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I thought it might be useful to suggest some general areas of potential interest  (to me at least).  Let me know if you think this doesn't cover it.

Community Guidelines

Most of us are familiar with YouTube's own Community Guidelines but are also aware that, however good they may sound, the implementation of those guidelines leaves a lot to be desired.  It's also the case the the YT vlogging community has evolved its own rules of etiquette, complete with its own vocabulary of doxing, (false) flagging, sock puppets, and gaslighting.  Some of the rules that have been developed on the fly by the users themselves have rarely been articulated clearly so it might be useful if we take the opportunity to do that here.  What behaviours do you think should be encouraged, discouraged, are completely beyond the pale, or deserve bouquets?

Network Philosophy

This vlogging thing seems so natural now to those of us who've been doing it for a while that I think we forget how weird it really is.  I talk into a camera to you, edit the video, add a title and description, and then upload it to a site where anyone can look at it.  At some point in the future, after a period of hours, days, or longer, you watch the video and leave a comment, or maybe make a response.    Is this a conversation we're having?  Is this conversation 'live'?  If I die before you respond, but you don't know so you respond as if I'm still alive, is there still a conversation going on?

This asynchronous recorded broadcast social media conversation is a new form of interaction, and maybe it needs different ways of talking about it.  This would be a good category to think into those things.

If anybody fancies it, this is a link to David Bohm's 'On Dialogue' which might make an interesting place to start that conversation.,%20Chemistry%20and%20Free%20Energy/044-PH08-The%20Unified%20Theory/David%20Bohm/David%20Bohm%20-%20On%20Dialogue.pdf

Filthy Lucre

Earning money through generating ad revenue has always been a feature of YouTube since the very early days of Partnering.  However, the lure of 'making it big' seems to be an increasingly visible part of the YouTube experience these days, and many new vloggers clearly see their activity as the development of a YouTube career.

In addition, increasing numbers of channels now feature not only advertising but also links to Paypal donation pages, 'Merch' pages (sorry, but I really hate that word) where you can buy a T-shirt, book, or CD, or Patreon links.

What do you think about the relationship between vlogging and income generation?

Off-YouTube Productions

When I say 'Off-Youtube' I'm thinking of Off-Broadway; those other spaces that attract less audience and where none of the big names hang out.  What about all those other sites other than Youtube?  How do they function in the ecology of vlogging?

Every time YouTube changes its layout, or a channel is flagged down for no good reason, or there is major alteration to the infrastructure (such as the merging with Google+), there is always the same response.  A number of YouTubers (including yours truly) will say "Fuck this shit, I'm going home".  Or more accurately "I'm going to DailyMotion, or Vimeo, or whatever alternative hosting site is flavour of the month".  And of course they/we always come back.  After all, YouTube is where the people are and if your thing is talking in public then you'd better be where that public hangs out.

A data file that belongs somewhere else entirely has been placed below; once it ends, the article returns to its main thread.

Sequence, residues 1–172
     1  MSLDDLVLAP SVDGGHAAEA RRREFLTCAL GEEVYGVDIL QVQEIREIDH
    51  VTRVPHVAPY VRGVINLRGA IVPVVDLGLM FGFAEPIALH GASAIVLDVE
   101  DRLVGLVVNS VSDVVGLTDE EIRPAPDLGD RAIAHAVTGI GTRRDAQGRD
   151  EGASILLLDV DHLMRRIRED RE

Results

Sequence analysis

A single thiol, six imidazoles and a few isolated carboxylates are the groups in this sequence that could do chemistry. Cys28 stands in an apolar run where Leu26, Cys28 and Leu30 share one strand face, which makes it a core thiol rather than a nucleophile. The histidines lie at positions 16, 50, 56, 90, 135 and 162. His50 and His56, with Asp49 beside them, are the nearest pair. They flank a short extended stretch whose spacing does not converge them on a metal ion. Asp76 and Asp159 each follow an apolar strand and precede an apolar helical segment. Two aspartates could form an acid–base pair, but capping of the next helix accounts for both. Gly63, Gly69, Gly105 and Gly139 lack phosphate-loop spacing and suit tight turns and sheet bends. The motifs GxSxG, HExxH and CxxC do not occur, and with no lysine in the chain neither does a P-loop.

Sooner or later though YouTube is going to go the way of MySpace and something else will take its place.  What do you think that will be?  Is it already in operation, just under-appreciated?

And what about the connections between YouTube and the other sites everyone routinely uses; Facebook, Twitter, and now of course G+.  Does this 'intermediality' (bonus points for a big word) change the way we do the vlogging thing?

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An early work from a primitive church.
Sure, it's an hour wasted-
what's that to an eternity?

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What's a barbeque without the House nigger?

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Never conflate love of art with the art of love.

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Our latest.
Berate us.

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Or maybe spiritual embodiment.

Eugene Gendlin's "Felt Sense" as part of his technique of 'focusing' -

Article on Robert Burton's "On Being Certain" on ScienceBasedMedicine -

Newberg and D'Aquili's "The Mystical Mind" -

A critique of D'Aquili and Newberg's 'Neurotheology' from Acta Neuropsychologica -

I thought I'd try building a space here for talk about spirituality. religion, belief etc.  So this is it.   I'll be posting a video here later prompted by recent videos from +pyrrho314 


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